The Orbitel 901 (aka: TPU 901) is a hugely significant device in the history of GSM networks. Launched in May 1992, it was made by UK-based phone maker Orbitel which was based in Basingstoke, Hampshire (the company was later bought by Ericsson). In May 1992 it was the first phone approved for use on GSM networks.
The 901's biggest claim to fame is that it was the first phone in the world to receive an SMS (Short Message Service) text message. This took place on 3 December 1992, when Canadian test engineer Neil Papworth, who was working for Sema Group Telecoms in Reading, UK, sent a text message saying “Merry Christmas” to Richard Jarvis, the Engineering Director at Vodafone’s value-added services subsidiary Vodata in Newbury, UK. (Note: numerous engineering tests had been conducted prior to this sending text messages to the Orbitel 901, but this message is recorded as the first official text message).
The phone was also instrumental in much of the testing of early GSM networks. It had a powerful test interface that could be accessed by connecting the phone to a laptop. This provided extensive details on what was happening on the network making it indispensable to engineers deploying and testing GSM network technology.
One shortcoming of the device was the location of the full-size SIM card that slotted into handset close to where you would hold it. If knocked, this could cause the phone to accidentally disconnect from the network.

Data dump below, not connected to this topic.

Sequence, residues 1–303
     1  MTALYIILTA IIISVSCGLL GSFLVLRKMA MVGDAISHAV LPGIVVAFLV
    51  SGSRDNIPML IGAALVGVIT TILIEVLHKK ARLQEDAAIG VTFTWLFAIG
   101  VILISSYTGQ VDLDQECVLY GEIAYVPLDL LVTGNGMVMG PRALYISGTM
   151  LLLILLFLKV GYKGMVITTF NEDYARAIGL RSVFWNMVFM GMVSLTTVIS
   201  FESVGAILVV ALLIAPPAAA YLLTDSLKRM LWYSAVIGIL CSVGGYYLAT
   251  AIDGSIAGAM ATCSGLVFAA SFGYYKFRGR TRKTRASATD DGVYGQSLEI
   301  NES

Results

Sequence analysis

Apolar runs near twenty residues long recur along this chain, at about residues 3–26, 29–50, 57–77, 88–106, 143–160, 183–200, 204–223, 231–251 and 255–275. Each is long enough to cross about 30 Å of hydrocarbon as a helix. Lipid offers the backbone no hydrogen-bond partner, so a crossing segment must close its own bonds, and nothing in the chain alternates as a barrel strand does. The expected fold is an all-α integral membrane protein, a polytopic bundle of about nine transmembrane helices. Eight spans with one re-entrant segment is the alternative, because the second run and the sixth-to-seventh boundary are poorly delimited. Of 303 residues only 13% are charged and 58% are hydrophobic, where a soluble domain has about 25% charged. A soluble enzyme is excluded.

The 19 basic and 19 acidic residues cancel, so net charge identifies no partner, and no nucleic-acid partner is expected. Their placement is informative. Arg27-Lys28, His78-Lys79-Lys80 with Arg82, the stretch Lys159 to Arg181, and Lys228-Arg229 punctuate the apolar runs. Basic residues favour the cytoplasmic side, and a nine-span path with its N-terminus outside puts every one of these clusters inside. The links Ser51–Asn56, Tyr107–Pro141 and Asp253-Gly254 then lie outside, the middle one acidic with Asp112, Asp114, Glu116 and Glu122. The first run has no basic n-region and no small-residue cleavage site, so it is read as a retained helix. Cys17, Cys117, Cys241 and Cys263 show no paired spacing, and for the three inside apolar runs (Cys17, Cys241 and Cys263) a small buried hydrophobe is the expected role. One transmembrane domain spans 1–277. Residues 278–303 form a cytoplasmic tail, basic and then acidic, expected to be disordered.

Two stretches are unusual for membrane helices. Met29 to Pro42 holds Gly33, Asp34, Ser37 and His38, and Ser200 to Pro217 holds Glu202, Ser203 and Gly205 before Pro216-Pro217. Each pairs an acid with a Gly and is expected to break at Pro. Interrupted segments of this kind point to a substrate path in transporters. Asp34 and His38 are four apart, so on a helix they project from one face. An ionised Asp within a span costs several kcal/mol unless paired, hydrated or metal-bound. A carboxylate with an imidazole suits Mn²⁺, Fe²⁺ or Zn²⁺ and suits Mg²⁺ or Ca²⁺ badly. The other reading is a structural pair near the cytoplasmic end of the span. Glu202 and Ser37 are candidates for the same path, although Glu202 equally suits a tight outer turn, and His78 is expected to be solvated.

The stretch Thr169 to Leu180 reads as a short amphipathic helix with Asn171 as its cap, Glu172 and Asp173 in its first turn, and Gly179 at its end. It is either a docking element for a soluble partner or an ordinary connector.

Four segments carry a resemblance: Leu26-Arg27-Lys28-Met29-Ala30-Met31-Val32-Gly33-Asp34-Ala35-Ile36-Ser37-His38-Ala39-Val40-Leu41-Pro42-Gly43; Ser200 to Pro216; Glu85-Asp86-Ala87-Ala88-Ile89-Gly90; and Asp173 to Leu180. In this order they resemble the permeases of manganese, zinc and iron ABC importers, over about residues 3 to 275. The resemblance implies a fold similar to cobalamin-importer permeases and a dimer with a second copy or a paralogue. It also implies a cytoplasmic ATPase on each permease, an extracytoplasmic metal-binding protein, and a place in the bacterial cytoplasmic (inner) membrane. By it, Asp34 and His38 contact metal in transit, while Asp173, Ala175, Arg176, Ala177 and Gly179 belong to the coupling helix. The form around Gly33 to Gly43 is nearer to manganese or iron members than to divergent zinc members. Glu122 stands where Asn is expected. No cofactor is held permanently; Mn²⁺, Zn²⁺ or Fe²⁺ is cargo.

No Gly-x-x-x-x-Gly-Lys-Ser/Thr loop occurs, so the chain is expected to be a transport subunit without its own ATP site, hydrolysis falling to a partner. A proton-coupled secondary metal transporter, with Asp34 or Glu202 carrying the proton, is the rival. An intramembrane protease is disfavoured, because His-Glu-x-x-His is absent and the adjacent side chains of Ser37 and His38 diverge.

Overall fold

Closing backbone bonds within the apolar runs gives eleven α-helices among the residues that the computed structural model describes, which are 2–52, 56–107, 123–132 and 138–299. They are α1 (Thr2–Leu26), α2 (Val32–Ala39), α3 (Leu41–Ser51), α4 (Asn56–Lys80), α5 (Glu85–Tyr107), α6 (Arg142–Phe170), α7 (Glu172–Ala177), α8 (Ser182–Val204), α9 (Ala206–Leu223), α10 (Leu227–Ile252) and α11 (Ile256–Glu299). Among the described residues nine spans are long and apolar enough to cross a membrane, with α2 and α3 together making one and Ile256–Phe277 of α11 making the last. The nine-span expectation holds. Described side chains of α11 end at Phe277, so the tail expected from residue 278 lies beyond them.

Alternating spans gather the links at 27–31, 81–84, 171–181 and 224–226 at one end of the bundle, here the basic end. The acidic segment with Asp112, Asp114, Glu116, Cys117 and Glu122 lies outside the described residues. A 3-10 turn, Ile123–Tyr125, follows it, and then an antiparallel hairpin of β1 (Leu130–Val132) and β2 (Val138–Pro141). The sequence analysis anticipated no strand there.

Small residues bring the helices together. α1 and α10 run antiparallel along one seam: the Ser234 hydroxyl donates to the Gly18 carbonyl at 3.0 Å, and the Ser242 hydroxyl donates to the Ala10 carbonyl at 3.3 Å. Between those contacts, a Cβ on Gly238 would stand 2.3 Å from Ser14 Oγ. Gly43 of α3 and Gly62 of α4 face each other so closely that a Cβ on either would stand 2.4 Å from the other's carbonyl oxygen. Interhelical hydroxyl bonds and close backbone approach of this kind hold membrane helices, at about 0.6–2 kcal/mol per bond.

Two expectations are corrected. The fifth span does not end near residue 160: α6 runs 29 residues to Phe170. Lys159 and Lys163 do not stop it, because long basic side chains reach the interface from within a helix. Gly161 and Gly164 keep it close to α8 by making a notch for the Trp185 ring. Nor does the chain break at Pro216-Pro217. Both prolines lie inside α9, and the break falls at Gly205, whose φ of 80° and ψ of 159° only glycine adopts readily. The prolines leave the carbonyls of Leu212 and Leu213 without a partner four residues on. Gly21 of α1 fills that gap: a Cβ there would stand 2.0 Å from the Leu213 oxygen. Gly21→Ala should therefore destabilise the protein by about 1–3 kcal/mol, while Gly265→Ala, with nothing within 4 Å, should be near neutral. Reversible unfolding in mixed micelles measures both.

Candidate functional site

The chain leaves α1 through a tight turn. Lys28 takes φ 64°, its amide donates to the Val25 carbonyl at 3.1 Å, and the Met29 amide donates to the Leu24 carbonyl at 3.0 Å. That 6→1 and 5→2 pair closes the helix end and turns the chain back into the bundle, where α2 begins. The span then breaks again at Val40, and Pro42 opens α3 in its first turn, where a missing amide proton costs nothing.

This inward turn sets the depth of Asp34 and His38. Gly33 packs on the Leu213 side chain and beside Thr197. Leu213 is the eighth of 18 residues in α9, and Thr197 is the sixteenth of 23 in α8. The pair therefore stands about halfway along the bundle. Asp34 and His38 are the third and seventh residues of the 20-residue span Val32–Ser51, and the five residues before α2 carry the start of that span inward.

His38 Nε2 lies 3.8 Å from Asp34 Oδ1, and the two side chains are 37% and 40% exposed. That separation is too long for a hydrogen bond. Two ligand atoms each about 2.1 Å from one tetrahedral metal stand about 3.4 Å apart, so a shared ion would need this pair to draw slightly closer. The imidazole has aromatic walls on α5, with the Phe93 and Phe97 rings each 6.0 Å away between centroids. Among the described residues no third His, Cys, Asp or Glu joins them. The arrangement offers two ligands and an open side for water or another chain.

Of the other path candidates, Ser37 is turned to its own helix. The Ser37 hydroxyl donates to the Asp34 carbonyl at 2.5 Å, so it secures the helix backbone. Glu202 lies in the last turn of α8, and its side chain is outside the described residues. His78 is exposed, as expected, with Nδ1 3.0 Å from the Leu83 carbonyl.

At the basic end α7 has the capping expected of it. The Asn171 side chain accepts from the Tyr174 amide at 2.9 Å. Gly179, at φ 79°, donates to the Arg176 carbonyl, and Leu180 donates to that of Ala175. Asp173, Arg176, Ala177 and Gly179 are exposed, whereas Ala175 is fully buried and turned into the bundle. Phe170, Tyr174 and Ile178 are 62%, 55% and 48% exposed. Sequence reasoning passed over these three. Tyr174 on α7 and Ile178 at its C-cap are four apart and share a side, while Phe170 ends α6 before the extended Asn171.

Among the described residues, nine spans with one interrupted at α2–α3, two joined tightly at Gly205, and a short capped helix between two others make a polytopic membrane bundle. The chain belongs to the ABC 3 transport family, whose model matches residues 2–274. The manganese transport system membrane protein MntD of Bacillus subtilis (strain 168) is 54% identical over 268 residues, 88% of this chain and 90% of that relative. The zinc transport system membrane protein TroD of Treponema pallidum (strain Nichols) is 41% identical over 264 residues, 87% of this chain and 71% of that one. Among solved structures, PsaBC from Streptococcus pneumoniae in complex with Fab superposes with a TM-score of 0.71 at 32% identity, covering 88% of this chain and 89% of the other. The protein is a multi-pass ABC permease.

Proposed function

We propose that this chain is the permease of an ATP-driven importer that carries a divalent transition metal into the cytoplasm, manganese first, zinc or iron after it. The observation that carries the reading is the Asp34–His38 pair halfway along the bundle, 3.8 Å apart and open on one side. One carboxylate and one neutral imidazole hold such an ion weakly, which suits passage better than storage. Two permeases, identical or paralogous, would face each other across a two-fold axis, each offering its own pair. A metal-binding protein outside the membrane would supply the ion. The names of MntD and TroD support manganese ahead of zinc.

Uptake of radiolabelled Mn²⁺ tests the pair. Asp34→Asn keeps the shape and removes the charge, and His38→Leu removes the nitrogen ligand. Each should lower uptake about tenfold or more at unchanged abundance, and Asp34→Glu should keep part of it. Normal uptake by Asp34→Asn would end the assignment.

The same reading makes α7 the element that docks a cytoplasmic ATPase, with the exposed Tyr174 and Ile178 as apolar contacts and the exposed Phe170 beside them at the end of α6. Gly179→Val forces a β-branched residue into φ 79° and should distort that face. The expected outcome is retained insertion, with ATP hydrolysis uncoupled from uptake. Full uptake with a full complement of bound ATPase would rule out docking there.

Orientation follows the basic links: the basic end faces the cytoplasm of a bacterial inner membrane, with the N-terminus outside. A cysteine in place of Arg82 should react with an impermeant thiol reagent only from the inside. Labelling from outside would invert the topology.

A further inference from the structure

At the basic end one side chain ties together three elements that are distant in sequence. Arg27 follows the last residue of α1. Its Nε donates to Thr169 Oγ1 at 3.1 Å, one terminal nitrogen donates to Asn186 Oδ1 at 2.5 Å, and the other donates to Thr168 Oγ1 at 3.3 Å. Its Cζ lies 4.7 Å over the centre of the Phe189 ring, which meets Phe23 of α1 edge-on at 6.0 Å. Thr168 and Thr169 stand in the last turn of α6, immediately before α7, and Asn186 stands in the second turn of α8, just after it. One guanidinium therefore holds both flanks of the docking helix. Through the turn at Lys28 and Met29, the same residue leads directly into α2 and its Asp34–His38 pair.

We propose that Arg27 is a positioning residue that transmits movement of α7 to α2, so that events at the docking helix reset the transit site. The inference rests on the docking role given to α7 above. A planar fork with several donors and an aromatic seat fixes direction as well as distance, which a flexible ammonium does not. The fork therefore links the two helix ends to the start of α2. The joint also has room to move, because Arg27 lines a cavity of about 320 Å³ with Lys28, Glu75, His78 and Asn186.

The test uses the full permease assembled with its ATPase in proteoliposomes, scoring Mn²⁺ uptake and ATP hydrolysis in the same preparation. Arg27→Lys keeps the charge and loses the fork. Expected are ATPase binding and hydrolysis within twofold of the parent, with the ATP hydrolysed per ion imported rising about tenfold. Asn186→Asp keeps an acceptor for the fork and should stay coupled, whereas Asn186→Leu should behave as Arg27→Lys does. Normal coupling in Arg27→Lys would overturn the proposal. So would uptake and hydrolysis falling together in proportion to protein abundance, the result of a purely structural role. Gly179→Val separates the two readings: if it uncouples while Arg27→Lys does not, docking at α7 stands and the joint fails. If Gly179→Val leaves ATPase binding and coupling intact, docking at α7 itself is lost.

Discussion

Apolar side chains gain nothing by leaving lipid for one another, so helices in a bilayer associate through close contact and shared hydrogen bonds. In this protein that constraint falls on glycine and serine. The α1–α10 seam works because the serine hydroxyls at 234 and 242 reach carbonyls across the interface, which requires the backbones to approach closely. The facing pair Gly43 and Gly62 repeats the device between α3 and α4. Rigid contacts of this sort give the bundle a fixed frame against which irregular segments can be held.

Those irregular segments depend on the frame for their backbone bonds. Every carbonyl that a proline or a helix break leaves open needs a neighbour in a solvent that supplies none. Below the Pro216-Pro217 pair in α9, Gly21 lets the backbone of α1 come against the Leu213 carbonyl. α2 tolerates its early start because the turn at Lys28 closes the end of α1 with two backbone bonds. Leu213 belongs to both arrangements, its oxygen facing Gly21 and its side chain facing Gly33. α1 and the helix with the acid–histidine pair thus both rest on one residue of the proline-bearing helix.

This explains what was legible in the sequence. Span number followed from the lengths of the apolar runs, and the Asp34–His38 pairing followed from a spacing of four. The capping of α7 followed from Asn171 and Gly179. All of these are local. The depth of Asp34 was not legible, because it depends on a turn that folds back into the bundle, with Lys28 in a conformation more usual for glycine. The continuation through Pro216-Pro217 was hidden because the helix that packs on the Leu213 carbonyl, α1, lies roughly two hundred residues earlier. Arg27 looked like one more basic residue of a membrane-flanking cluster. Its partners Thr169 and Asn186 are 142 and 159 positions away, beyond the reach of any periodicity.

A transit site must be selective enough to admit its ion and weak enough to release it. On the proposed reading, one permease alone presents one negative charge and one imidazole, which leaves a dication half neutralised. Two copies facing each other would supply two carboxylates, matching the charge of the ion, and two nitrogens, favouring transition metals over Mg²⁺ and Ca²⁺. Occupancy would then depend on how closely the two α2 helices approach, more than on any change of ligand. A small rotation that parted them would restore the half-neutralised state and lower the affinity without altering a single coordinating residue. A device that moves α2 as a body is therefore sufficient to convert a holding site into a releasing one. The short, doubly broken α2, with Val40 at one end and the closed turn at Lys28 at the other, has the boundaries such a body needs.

An Ericsson-branded variant of the 901 was also produced and was known as the Hotline GM 120. There was also a version for Germany’s D1 network known as the mobiltelefon model 334. The Orbitel 901 should not be confused with the Orbitel 900 (aka: TPU 900) which was a version that could be mounted in a vehicle.
Orbitel Mobile Communications was established in 1987 in Basingstoke, UK, as a joint venture between Plessey Corporation and Racal Telecommunications with each owning a 50% share however, Racal eventually bought out Plessey to fully own the company. Orbitel was setup to manufacture and supply analogue mobile phones to Vodafone (also owned by Racal). However, they became heavily involved in research and development of GSM in their own right leading to the launch of an independent range of GSM mobiles. In 1991 Racal Telecommunications announced that L M Ericsson was acquiring a 50% share in Orbitel for £45 million. Ericsson subsequently took over the entire company in 1996 resulting in Orbitel becoming Ericsson Mobile Platforms.
Some information courtesy of Nigel Linge & Andy Sutton, the authors of 30 Years of Mobile Phones in the UK (Paid Link)